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Environment Enhancement Fund grant

August 15, 2008

MEDIA STATEMENT

Last two weeks to apply for an Environment Enhancement Fund grant; Mid Canterbury, Hinds case study

Landowners or groups working to protect and enhance native biodiversity in Canterbury have until the end of August to apply for contestable grants of up to $5,000 through Environment Canterbury’s Environment Enhancement Fund. Funding is announced in December.

This year ECan has $237,800 available - $180,000 from Environment Canterbury’s Environment Enhancement Fund, and another $57,800 from the Honda TreeFund.

Financial assistance can be granted for any project that contributes to the region's indigenous biodiversity and usually involves the protection or enhancement of waterways, wetlands, coastal dunes and native vegetation. Applicants may apply more than once.

The Environment Enhancement Fund provides grants for usually no more than 50 percent of a project’s total cost. Application forms and further information on the funding programme are available from Environment Canterbury’s website on www.ecan.govt.nz/eef or by calling Customer Services, 0800 EC INFO
(0800 324 636).


EEF grant helps Mid Canterbury farmer “do the right thing”

Hinds sharemilker Ben Stock says a desire to “do the right thing” was a key motivator behind his decision to fence off and enhance plantings along a spring-fed drain in Mid Canterbury.

“I wanted to do my bit and to tidy up a drain with road frontage as well,” he explains.

“We were spending $1000 a year cleaning the drains out and I felt that if riparian zones do what they’re supposed to do, like creating a nice flowing waterway, I would be able to reduce what I spend and help the environment.”

Ben Stock is applying for his third round of funding through the Environment Enhancement Fund (EEF), having successfully received grants in 2006 and 2007.

The area he is targeting is along Boundary Drain, which is a spring-fed system that has been made part of ECan’s Living Streams programme. Most of its water comes from unconfined aquifers, with the balance coming from the extensive drainage network and irrigation waters in the area.

The catchment size is around 2,800 hectares, and Boundary Drain is considered significant as it is one of the only systems in the area with a permanent opening to the sea. Investigations have shown, that like many streams in the area, Boundary Drain has an excess of fine sediment entering the catchment and one of the sources of this is stock access to waterways. ECan’s Living Streams project identified that it is necessary to remove stock access to the river to maintain a healthy state, and that a riparian planting programme would significantly help water quality.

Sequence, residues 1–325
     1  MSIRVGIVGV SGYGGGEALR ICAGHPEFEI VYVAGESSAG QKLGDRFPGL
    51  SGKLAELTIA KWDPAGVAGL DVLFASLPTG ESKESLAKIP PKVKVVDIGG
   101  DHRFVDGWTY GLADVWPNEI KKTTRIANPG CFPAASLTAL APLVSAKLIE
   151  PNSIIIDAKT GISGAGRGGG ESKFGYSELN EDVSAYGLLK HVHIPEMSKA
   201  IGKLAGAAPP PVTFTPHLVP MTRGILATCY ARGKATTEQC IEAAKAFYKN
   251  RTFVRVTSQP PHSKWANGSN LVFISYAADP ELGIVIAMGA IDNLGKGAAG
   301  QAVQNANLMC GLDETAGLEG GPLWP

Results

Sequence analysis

The area targeted covers about one kilometre of the drain, with both sides being fenced and planted to a depth of between two to three metres wide.

In the first year they carried out major planting, but were disappointed to lose many plants, thanks to a dry season, Ben Stock says.

“The second year we replanted with the varieties that had survived and we had lots of rain and that’s kept them going. A dry season can make it pretty difficult.

“Getting the planting done and keeping up with the spraying is a lot of work and it coincides with our busy time of the year.”

Despite the effort involved on his part, he is keen on the work of the EEF. “I still think it’s a great thing and I will continue doing it.” He says it is important to set out a manageable project for your first attempt, so you get a feel for what is involved, as the first few years do require a fair amount of work.

His second stage of planting has been much more successful, thanks to rain, extra labour input and sticking with the plant species that survived well during the dry first year.

The work on his sharemilker property on the Boundary Drain has also inspired him to get planting on a nearby property that his and wife have bought in Mid Canterbury, and he expects more EEF applications from him in the future.


ENDS

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